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Comment: All profits go to Housing Works -- NYC's largest HIV/AIDS organization. Minimal wear to cover. Pages clean and binding tight. Hardcover.
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Lock In Hardcover – August 26, 2014


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Product Details

  • Hardcover: 336 pages
  • Publisher: Tor Books; 1ST edition (August 26, 2014)
  • Language: English
  • ISBN-10: 0765375869
  • ISBN-13: 978-0765375865
  • Product Dimensions: 5.8 x 1.2 x 8.4 inches
  • Shipping Weight: 8 ounces (View shipping rates and policies)
  • Average Customer Review: 4.2 out of 5 stars  See all reviews (243 customer reviews)
  • Amazon Best Sellers Rank: #11,590 in Books (See Top 100 in Books)

Editorial Reviews

Review

Scalzi's latest is a fantastic read. A fast paced sci-fi crime thriller, Lock In has enough of both to keep fans of either genre gripped. Another accomplished novel from John Scalzi and another recommendation from this reader. The Book Beard Blog John Scalzi's Lock In is just brilliant stuff that you don't want to miss out on. From the first sentence I read of Unlocked I was hooked line and sinker to the idea behind Lock In. John Scalzi presents his idea in full colors and has created a very dangerous and dire setting, it's not only a story that focuses on the virus alone or it's consequences alone or how society is dealing with it, it is much more than those parts alone. It's a detective kind of story that combines all of the above mentioned aspects in a brilliant story. The Book Plank Overall, this is a throught-provoking novel about individual and community rights, politics, identity, and a solid investigation. Definitely recommended. Civilian Reader Lock In is science fiction for the masses. Count me as one of them...it's clubbing you over the head with fun, and intrigue, and a compelling narcotic craving desire to keep reading. Tor.com

About the Author

JOHN SCALZI is one of the most popular and acclaimed SF authors to emerge in the last decade. His massively successful debut Old Man’s War won him science fiction’s John W. Campbell Award for Best New Writer. His New York Times bestsellers include The Last Colony, Fuzzy Nation, and Redshirts; which won 2013’s Hugo Award for Best Novel. Material from his widely read blog The Whatever (whatever.scalzi.com) has also earned him two other Hugo Awards. He lives in Ohio with his wife and daughter.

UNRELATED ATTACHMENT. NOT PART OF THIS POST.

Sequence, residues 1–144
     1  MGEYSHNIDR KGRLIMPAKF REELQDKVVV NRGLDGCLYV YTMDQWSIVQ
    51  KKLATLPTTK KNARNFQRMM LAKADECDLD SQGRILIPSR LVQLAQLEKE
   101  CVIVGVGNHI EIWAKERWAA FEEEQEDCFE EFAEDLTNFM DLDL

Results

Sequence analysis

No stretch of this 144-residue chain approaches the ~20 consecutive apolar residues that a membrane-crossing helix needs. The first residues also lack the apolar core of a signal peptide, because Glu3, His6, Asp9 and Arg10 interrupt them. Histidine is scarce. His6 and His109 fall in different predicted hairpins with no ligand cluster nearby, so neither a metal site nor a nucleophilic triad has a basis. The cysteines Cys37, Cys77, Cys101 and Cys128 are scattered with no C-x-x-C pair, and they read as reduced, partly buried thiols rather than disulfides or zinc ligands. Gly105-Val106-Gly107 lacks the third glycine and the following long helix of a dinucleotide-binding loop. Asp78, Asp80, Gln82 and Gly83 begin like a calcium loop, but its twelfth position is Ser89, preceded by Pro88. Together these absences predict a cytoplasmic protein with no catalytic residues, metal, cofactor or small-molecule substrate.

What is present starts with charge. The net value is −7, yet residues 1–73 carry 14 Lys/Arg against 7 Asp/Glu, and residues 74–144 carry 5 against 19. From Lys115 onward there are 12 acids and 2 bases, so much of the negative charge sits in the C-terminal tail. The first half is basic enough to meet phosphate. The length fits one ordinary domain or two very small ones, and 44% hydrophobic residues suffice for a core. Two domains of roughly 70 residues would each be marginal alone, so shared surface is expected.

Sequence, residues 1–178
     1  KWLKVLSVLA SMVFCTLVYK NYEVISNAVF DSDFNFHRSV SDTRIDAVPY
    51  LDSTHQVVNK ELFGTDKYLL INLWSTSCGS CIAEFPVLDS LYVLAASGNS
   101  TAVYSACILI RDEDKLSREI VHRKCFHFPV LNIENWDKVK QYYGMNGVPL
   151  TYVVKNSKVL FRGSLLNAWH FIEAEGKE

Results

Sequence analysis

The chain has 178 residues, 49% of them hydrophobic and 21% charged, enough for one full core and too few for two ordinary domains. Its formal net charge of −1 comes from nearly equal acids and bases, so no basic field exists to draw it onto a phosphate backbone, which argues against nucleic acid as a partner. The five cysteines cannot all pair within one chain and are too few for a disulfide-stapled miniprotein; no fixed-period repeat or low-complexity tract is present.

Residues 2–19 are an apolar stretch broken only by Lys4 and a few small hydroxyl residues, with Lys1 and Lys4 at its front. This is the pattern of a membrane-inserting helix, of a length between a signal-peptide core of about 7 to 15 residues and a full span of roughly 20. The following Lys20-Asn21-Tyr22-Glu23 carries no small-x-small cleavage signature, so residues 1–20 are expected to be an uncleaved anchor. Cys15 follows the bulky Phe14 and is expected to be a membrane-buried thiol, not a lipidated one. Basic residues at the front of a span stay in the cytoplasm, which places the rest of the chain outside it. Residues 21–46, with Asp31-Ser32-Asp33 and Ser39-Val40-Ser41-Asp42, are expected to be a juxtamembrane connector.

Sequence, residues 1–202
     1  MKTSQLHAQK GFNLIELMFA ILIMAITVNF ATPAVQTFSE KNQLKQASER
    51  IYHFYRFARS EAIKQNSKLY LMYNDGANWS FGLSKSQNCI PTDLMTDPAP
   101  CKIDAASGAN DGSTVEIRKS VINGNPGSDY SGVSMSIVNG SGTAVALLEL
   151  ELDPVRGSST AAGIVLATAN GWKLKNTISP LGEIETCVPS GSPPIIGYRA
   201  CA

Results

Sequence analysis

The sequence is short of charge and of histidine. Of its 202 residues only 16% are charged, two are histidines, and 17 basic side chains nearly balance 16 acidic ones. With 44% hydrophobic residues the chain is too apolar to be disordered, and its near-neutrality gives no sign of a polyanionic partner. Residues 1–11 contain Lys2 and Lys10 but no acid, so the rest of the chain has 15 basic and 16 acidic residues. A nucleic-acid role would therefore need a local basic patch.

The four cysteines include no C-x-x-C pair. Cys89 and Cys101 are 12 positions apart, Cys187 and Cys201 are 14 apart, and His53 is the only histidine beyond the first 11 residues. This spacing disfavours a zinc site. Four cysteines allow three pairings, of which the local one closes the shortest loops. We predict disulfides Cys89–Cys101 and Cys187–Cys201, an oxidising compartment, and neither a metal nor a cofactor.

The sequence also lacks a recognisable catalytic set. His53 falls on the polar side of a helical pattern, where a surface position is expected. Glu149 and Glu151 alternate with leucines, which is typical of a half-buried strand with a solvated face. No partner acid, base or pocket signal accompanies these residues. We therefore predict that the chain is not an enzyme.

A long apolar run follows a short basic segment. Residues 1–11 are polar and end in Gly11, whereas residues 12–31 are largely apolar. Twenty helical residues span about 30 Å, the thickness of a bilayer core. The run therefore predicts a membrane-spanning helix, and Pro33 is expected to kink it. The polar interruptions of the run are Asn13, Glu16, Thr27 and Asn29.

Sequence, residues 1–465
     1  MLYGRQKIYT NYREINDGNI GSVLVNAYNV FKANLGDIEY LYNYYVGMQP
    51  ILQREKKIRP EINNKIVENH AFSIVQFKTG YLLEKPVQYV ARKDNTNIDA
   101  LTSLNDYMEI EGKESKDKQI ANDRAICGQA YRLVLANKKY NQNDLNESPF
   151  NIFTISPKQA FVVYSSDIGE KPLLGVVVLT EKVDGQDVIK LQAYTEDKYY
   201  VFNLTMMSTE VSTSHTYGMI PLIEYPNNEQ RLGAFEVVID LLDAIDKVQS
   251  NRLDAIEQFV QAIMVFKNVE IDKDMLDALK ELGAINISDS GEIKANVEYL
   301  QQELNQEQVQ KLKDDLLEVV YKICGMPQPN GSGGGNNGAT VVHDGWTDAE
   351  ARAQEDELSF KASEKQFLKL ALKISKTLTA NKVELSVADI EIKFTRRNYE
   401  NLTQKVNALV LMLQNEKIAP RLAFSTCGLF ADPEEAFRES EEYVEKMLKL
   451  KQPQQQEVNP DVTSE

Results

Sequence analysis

More About the Author

John Scalzi writes books, which, considering where you're reading this, makes perfect sense. He's best known for writing science fiction, including the New York Times bestseller "Redshirts," which won the Hugo Award for Best Novel. He also writes non-fiction, on subjects ranging from personal finance to astronomy to film, was the Creative Consultant for the Stargate: Universe television series. He enjoys pie, as should all right thinking people. You can get to his blog by typing the word "Whatever" into Google. No, seriously, try it.

Customer Reviews

Very fun read!
J. Cummings
The created world is consistent and real, the characters are people that we could know, and the story is well written.
L. Burstein
I often found myself thinking, that it was a little bit too brief.
Timothy Pecoraro

Most Helpful Customer Reviews

35 of 38 people found the following review helpful By Morphie on August 31, 2014
Format: Kindle Edition Verified Purchase
Like many, I eagerly await any offering by John Scalzi. He is, deservedly, one of the acclaimed Sci-Fi authors of this era. I have no doubt that the "Old Man's War" series will rank among the finest, multiple novel efforts of the genre. Regrettably, I think the author has missed the mark with "Lock In".

Without question, there are some intriguing characters and a wealth of sarcastic dialogue, that is the hallmark of Mr. Scalzi. I find the gradual introduction of "threeps" to be skillfully done, somewhat like peeling away the layers of an onion, finally revealing the physical and cognitive nature of a new mode of existence. Where the novel takes a disjointed turn is with the murder mystery elements. I find this a tedious and boring listing of characters, which is, for about half the novel, unrelenting and confusing. During this aspect of plot development, the story is difficult to follow. I was on the verge of putting the book down and returning it. However, I did complete the task; I must admit that the final few chapters become far more intriguing and even harkened back to Mr. Scalzi's more successful creations.